The Taliban have established a foothold in southern Afghanistan in a 10-day battle against Afghan forces, locals said Sunday, as the army and police struggle to prove they can defeat the insurgents without NATO help.
A coordinated assault by 800 Taliban fighters on police checkpoints and military posts began on June 19, with Afghan forces rushing to recapture parts of Sangin district in Helmand province.
Despite government claims that the Taliban have been routed in a series of counterattacks, Hashim Alkozai, a local elder, said that the insurgents had successfully defended two key areas of the district.
“The government has sent more reinforcements to Sangin, but the Taliban still have two parts, Barekzai and Bostanzai, under their control,” Alkozai said after fleeing to Lashkar Gah, the provincial capital of Helmand.
“President Hamid Karzai has promised to send us some aid, but that is not enough, our people need food and shelter.”
Sangin, a strategically important district at the center of Afghanistan’s lucrative opium trade, has been the scene of fierce fighting for years between the Taliban and U.S.-led NATO forces. With the NATO combat mission winding down this year, the Taliban offensive is seen as a test of the NATO-trained Afghan government forces now responsible for quelling the insurgency.
British troops fought bloody battles in Sangin for four years to little effect, before U.S. marines replaced them in late 2010 and finally pulled out themselves only last month.
“The fighting is still ongoing in some parts of Sangin, more reinforcements have been sent in to eliminate the pockets of resistance,” said Omar Zwak, the spokesman for the Helmand governor.
This summer’s “fighting season” will be the last with U.S.-led combat troops deployed in Afghanistan, after a 13-year war that has cost the lives of 3,500 coalition soldiers and failed to crush the Taliban. The fighting in Helmand has come as politicians in Kabul are locked in a stalemate over the presidential election, with one candidate, Abdullah Abdullah, saying he rejects the ongoing vote count due to massive fraud.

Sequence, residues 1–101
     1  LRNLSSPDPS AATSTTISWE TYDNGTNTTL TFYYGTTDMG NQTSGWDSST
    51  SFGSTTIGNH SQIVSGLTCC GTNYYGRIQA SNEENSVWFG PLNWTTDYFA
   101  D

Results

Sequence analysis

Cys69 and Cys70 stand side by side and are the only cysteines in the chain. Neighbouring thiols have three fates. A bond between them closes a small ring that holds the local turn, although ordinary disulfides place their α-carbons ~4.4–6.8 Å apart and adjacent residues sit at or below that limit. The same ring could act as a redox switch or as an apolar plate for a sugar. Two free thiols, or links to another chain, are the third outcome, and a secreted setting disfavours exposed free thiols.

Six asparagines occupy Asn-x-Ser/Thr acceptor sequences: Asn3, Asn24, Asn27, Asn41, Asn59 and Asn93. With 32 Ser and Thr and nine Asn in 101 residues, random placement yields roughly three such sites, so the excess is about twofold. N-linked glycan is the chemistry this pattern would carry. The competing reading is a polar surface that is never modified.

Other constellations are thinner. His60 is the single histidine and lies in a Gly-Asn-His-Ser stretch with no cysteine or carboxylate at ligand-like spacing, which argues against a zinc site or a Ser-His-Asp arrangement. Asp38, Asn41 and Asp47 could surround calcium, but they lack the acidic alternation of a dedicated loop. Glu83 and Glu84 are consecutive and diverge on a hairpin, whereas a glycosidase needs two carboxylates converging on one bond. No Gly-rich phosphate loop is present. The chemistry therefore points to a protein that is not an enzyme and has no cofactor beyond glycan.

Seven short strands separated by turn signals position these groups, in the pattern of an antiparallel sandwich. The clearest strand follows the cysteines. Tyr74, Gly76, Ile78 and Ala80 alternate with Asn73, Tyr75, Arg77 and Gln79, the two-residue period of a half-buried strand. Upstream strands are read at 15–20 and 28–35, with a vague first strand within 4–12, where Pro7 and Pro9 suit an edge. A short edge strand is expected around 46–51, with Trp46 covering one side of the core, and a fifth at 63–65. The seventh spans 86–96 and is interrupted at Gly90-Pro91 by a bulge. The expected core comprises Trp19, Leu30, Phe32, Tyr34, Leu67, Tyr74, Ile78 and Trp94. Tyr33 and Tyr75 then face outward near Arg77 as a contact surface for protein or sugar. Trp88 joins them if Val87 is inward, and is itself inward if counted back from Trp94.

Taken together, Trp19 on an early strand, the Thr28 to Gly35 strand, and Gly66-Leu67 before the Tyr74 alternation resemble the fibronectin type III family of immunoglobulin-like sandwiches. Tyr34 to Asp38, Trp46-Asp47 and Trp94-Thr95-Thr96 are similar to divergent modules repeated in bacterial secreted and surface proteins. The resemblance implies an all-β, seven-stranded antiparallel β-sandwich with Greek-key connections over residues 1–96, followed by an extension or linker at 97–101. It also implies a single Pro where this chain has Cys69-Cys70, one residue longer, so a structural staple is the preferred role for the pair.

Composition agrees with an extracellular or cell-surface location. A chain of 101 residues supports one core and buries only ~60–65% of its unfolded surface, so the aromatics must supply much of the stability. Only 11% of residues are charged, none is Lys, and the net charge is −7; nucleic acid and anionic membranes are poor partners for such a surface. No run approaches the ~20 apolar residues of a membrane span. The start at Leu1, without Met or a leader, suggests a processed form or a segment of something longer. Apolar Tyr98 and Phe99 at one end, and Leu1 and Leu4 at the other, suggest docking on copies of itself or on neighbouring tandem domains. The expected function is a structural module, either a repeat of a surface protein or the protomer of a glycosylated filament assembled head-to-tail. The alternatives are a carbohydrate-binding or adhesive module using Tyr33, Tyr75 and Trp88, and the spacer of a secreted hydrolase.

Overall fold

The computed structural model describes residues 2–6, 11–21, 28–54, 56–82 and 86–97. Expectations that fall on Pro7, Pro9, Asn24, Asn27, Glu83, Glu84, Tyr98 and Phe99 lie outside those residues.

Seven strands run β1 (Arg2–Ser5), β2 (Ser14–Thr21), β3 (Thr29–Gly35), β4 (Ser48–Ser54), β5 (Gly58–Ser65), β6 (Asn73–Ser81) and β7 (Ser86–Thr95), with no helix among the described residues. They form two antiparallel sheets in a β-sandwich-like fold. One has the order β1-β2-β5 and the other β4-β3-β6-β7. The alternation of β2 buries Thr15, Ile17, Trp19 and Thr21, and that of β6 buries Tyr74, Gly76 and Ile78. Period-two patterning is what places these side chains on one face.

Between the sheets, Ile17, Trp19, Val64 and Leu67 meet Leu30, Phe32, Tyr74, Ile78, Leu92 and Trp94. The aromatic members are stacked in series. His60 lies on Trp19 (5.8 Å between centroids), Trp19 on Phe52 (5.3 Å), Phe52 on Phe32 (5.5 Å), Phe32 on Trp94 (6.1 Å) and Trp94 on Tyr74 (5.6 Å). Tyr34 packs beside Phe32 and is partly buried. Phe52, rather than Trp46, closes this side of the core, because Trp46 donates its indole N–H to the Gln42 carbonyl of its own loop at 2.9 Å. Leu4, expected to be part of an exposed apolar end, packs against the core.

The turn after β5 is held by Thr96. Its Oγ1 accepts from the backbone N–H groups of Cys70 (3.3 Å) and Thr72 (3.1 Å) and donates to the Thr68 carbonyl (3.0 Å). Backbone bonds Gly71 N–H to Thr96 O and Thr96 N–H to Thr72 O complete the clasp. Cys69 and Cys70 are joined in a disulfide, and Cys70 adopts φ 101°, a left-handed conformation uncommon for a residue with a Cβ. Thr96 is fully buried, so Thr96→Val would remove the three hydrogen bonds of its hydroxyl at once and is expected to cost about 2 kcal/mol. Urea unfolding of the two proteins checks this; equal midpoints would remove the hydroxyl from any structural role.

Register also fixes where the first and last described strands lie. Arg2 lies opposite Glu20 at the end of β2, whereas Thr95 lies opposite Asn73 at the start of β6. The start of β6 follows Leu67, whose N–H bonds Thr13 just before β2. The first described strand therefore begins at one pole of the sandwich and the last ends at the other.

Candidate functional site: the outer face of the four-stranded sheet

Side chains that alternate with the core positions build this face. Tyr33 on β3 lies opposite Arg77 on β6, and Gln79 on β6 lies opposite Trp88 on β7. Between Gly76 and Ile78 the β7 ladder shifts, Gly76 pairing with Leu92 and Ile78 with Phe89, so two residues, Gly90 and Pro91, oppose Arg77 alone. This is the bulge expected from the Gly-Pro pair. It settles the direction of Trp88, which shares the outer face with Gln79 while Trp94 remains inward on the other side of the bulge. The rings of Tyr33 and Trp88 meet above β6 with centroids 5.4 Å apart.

On Sunday the government claimed the Taliban had been beaten back in Sangin and 260 insurgents killed, while a Taliban spokesman said that fighting continued. “The Taliban have planted mines in almost every part of Sangin, so no vehicles dare to drive even on the main roads,” said Toor Jan, who escaped the fighting by walking for two days with 10 members of his family to Lashkar Gah. “We are now living with our relatives but this cannot continue for long. We are in severe need of any kind of assistance,” he said.
The Afghan government said it had not requested any NATO help, but the coalition said it had provided limited close air support as well as intelligence, surveillance and reconnaissance help.
The threat of a Taliban revival as foreign combat troops withdraw is a major fear for many Afghans, though government and NATO officials insist that the national army and police are increasingly effective. Concern about Afghanistan’s stability has also been heightened by the deepening crisis over the election to select a successor to President Hamid Karzai, who has ruled since 2001 when the Taliban regime was ousted.
Soon after the poll on June 14, Abdullah accused his rival Ashraf Ghani, Karzai and the election authorities of committing systematic fraud to keep him out of office. With the preliminary result due to be announced on Wednesday, Ghani is reported to be ahead in a surprise comeback after finishing well behind Abdullah in the eight-man first-round election.
The United Nations and Afghan allies have been working hard to try to prevent a contested outcome, but Abdullah’s campaign on Sunday confirmed he was set to reject the result, fueling tension between rival supporters.
The U.N. on Saturday called on candidates to “refrain from any acts that incite imminent violence, civil disorder or lead to instability.” The final election result, after adjudication of complaints, is scheduled for July 22.